Tracing the migration of the Prophet Muhammed, 400km from Mecca to Medina in 8 days, the Ithra Museum brings the foundational story of Islam to life in this spectacular exhibition, ‘Hijrah: In the Footsteps of the Prophet’. Coalescing historical artefacts, works of contemporary art and scholarly commentary brings the all-embracing themes of love, friendship, and freedom to the fore.
The focus on these universal themes in the Prophet’s journey and their continued relevance to the modern world is executed by spotlighting the Prophet, his companions and the landscape. It is in the steadfast character and unwavering devotion of this coterie that we learn about courage and temperance; and it is in the very rocks, sun and stars of the landscape that we gauge the power of nature and the spiritual connection of humanity to the land. The combination of art, religion and history creates a mesmerising portrait of a world that is simultaneously distinct and inseparable from the arbitrary distinctions between religion and culture or society and the individual. The use of immersive experiences, original historical artefacts, contemporary artworks, and wall texts convene to create a living, breathing sense of the Prophet’s purpose.
The concept of the exhibition revolves around the understanding that pre-Islamic Mecca was a harsh and unjust place, which the Prophet sought to return to its monotheistic roots. But, under threat of assassination, he was forced to flee. The resulting voyage – the Hijrah, or migration – led, in 622 CE, to the Constitution of Medina, marking the birth of Islam. The exhibition takes us in the footsteps of the Prophet, charting his journey one day at a time, creating a sense of not only the mammoth task they undertook but also its immense significance.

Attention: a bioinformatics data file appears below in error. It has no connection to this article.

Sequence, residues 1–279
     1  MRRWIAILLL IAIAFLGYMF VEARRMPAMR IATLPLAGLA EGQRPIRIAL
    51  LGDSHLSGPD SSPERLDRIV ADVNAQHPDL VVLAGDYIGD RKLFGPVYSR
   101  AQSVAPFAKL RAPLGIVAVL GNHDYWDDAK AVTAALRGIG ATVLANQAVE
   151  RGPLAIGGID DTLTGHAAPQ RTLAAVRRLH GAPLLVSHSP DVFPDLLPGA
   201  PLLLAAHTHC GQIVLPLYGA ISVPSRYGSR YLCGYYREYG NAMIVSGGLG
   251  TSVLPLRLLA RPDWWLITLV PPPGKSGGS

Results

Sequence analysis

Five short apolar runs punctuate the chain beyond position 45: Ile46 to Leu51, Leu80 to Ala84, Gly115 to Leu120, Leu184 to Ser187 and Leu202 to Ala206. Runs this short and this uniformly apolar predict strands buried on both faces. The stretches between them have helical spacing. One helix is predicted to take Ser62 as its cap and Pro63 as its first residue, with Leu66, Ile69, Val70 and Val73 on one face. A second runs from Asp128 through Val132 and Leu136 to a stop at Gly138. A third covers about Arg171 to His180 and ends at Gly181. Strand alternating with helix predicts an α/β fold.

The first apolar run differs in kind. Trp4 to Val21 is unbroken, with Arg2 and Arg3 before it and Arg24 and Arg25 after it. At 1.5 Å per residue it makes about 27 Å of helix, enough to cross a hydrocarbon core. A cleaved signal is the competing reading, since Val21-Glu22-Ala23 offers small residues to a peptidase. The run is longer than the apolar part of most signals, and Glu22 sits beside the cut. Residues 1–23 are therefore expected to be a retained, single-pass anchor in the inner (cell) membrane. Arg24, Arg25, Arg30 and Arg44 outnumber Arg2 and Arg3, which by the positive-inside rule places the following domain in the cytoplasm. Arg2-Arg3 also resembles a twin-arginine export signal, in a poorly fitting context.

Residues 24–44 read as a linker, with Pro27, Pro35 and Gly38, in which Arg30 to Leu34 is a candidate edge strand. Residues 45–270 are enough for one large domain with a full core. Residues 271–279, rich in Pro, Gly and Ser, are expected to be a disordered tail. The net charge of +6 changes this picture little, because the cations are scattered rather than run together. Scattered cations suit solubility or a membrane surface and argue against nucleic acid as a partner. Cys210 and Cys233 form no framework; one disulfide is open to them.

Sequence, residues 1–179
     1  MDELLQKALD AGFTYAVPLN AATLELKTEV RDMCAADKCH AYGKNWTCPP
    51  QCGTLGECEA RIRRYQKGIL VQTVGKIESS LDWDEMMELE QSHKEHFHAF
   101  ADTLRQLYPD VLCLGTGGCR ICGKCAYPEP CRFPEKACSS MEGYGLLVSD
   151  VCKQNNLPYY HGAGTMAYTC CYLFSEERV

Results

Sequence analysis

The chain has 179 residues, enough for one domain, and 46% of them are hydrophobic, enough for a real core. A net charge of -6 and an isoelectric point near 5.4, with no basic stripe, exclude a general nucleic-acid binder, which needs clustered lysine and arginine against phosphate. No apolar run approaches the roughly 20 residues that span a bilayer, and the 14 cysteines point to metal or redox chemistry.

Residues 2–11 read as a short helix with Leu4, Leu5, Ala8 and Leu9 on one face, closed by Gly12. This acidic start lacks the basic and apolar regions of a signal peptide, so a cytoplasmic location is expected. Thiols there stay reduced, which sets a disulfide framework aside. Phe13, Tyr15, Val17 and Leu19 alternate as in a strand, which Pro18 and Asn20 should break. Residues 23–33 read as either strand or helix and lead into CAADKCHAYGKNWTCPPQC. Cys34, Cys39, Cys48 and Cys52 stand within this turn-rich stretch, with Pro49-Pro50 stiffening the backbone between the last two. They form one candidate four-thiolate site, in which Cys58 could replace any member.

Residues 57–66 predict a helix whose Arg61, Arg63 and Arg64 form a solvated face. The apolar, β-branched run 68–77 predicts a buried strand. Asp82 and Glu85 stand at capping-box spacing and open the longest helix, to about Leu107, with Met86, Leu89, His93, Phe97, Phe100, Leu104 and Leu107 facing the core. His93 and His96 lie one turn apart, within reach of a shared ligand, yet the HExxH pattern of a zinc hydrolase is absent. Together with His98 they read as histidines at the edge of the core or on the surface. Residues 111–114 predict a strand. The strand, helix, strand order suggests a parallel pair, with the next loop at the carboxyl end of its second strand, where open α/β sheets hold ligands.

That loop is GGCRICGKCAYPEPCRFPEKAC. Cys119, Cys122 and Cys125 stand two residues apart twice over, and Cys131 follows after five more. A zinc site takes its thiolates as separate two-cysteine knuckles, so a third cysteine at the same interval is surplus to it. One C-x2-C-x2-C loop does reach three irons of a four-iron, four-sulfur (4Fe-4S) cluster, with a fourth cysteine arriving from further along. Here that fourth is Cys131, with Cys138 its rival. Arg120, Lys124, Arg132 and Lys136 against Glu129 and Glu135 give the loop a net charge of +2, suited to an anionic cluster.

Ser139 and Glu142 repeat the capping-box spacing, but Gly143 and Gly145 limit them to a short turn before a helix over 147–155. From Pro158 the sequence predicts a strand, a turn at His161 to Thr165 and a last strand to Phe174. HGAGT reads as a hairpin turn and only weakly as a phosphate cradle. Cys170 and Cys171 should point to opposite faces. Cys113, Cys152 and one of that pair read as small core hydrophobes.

A major draw is the prospect of never before seen artefacts on show. In the first room, a cabinet containing coins, totems and statues offers a glimpse into the lives of the people whom the Prophet lived amongst. The room is dark, lit only by white spotlights. The mood is somber, serious and transports us to an unimaginable age. A Funerary Stele, borrowed from the National Museum, Riyadh, bears an inscription in Aramaic, ‘In memory of Taym, son of Zayd’ from the 5th or 6th Century. A 2nd Century Figurine of a Dromedary Carrying Jars and a 1st Century Zoomorphic Weight in bronze set the context of the Quaraish tribe who inhabited the land and who, ultimately, drove the Prophet to his calling. In the presence of these artefacts the viewer becomes imbued with the sense that this is about more than religion – it is about humanity and history which still breathes through these stones. It is a transformative moment to see these stones and, elsewhere in the show, the finely crafted rugs that once hung above the entrance to the Prophet’s tomb; in a sense, they locate the religious significance of the Hijrah in grounded, human story that transcends spiritual provocations. That is not to say that history is here effacing religion – it is there for anybody to see and feel – but that the exhibition has been curated in such a way as to appeal to all who are interested in the history of peoples, regardless of their faith. The Prophet himself is immortalised in a beautiful 17th Century book of poetry by Turkish poet, Mehmet Hakani, which describes his features in detail. The purposeful, undulating lines of Arabic script on these pages is a work of art in itself and never ceases to inspire.